The Court further demonstrated its commitment to predictability as to the location of lawsuits in Daimler AG v. Bauman.  That case involved the limits of general personal jurisdiction, or the ability of a state’s courts to hear claims against an entity unrelated to the entity’s activities in or “contacts” with that state. In this case, several Argentinian residents filed suit in California against Daimler, a German corporation, alleging Daimler’s Argentinian subsidiary collaborated with state forces during Argentina’s “Dirty War.” The Court rejected the argument that California possessed general jurisdiction over all claims against Daimler based upon the “substantial” activities of a subsidiary that distributed vehicles to California retailers, comprising 2.4% of Daimler’s overall global sales, and maintained multiple facilities within the state, instead holding that California courts lacked jurisdiction to hear the plaintiffs’ claims. Endorsing a narrow conception of general jurisdiction, the Court held that a state’s courts possess general jurisdiction only when a corporation’s contacts are so “continuous and systematic” as to make the entity “at home” in the state. As the Court emphasized, the standard forums possessing general jurisdiction over a corporation remain the state in which the corporation is incorporated, or the state in which it maintains its principal place of business. While not ruling definitively, the Court also suggested a subsidiary’s contacts may not easily be imputed to a parent corporation to find general jurisdiction. The Court rejected a test imputing contacts whenever the parent itself would be forced to provide the services rendered by the subsidiary. Daimler makes clear that the bounds of general jurisdiction are narrow, as demonstrated by the Court’s concern that expansive jurisdictional principles would prevent entities from structuring conduct to provide predictability as to where they are amenable to suit. Practically, by requiring a showing that an entity is either “at home” within the state or that a suit relates to an entity’s in-state activities, Daimler will likely narrow the states in which plaintiffs may attempt to bring suit.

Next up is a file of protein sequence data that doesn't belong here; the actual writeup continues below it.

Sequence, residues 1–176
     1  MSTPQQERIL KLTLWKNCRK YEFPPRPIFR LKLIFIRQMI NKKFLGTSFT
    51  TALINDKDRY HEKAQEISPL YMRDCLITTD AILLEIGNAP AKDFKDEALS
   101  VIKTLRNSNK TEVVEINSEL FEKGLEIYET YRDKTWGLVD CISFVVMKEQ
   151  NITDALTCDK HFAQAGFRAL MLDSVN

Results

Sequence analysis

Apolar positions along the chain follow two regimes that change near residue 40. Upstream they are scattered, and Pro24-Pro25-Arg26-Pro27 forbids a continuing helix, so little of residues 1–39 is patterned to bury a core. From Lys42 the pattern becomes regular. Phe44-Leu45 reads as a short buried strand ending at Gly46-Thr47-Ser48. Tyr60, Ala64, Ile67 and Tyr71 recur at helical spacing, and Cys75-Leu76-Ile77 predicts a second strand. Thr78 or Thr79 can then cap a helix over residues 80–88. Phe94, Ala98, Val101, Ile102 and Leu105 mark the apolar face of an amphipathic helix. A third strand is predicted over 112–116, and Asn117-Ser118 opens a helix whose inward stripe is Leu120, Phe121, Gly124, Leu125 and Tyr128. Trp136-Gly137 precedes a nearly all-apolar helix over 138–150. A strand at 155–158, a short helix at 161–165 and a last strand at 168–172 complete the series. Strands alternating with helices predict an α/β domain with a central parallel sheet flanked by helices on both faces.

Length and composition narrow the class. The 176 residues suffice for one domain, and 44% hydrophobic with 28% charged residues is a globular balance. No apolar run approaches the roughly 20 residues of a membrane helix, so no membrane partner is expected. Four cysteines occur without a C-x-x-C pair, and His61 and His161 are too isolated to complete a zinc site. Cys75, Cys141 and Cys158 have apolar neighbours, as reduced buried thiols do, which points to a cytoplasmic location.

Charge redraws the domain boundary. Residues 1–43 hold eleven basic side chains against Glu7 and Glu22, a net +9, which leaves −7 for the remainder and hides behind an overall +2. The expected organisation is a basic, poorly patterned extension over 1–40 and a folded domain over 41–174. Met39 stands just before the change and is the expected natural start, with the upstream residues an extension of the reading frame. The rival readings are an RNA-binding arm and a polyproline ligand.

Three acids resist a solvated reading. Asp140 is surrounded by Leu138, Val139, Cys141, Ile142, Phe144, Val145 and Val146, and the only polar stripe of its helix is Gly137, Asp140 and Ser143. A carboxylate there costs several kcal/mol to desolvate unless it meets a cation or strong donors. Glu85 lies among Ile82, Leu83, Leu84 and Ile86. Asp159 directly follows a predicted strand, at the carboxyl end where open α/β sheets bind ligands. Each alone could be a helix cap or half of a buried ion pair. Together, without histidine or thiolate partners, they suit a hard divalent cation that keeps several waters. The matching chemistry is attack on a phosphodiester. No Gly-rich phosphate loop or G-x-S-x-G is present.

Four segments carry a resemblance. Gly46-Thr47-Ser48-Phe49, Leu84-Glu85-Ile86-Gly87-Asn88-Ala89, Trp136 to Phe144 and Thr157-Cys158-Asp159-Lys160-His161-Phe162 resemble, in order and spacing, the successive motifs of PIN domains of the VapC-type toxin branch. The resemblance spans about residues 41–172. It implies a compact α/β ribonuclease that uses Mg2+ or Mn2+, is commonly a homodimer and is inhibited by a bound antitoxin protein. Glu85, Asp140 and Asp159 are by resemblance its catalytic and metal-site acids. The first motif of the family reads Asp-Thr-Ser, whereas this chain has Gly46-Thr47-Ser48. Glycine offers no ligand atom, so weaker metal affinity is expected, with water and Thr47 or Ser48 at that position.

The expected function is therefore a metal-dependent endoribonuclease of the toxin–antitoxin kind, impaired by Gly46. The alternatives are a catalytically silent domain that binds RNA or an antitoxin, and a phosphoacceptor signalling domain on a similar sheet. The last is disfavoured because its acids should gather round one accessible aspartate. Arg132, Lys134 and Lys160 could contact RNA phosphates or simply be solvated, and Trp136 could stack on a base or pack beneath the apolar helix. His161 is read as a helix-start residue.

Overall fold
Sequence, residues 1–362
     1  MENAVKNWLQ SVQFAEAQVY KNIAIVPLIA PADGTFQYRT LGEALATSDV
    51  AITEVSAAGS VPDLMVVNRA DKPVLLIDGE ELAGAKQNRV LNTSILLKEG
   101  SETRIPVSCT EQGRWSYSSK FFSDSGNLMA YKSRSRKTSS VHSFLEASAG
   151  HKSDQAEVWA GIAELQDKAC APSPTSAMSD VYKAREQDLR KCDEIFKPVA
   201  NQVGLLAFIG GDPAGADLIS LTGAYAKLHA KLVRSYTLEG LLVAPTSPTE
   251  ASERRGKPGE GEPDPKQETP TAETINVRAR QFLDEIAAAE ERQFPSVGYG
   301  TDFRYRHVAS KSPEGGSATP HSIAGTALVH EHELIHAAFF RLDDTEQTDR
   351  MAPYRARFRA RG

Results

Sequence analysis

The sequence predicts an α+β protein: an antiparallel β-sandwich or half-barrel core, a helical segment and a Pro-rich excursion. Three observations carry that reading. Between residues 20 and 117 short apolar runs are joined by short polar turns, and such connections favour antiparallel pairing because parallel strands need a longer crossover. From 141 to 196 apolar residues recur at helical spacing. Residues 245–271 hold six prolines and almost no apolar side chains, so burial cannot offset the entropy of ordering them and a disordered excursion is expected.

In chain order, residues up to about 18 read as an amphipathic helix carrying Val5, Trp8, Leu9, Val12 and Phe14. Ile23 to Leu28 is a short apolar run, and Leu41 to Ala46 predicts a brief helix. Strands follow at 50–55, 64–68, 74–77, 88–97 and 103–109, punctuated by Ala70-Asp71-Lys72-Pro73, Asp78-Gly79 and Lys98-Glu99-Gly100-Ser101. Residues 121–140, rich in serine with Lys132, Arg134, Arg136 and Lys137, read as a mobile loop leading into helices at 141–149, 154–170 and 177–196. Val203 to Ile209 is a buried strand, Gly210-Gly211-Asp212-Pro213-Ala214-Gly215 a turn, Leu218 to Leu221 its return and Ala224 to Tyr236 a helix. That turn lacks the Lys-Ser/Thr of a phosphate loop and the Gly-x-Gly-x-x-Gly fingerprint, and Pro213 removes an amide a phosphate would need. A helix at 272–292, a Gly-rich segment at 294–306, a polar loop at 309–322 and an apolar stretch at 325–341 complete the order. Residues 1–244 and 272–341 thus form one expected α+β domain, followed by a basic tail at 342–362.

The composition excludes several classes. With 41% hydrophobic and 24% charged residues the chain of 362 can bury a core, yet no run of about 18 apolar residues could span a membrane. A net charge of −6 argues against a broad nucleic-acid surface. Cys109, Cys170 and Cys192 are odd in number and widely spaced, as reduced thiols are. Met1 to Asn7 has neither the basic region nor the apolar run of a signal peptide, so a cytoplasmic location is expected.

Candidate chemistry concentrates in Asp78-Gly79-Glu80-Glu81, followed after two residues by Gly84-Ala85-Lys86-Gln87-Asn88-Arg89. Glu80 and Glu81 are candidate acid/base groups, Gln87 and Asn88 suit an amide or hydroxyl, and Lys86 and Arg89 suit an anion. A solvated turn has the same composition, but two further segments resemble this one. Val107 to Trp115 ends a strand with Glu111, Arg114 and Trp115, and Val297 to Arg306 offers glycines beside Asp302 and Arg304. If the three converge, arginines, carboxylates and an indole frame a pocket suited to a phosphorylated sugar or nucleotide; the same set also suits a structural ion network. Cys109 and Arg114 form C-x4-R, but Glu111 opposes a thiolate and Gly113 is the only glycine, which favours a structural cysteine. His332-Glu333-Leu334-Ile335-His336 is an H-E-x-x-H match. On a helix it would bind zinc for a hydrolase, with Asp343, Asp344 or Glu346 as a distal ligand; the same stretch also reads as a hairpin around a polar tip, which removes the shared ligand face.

Together, Atlantic Marine and Daimler make evident the U.S. Supreme Court’s policy towards favoring predictability and certainty in regards to venue and jurisdiction. By utilizing valid forum-selection clauses and by properly structuring operations in the United States, corporate entities will be better able to ensure litigation is brought only in venues of their choosing. SGR can assist clients with this objective by reviewing your company’s form business agreements and meeting with you to discuss your corporate and operational structures.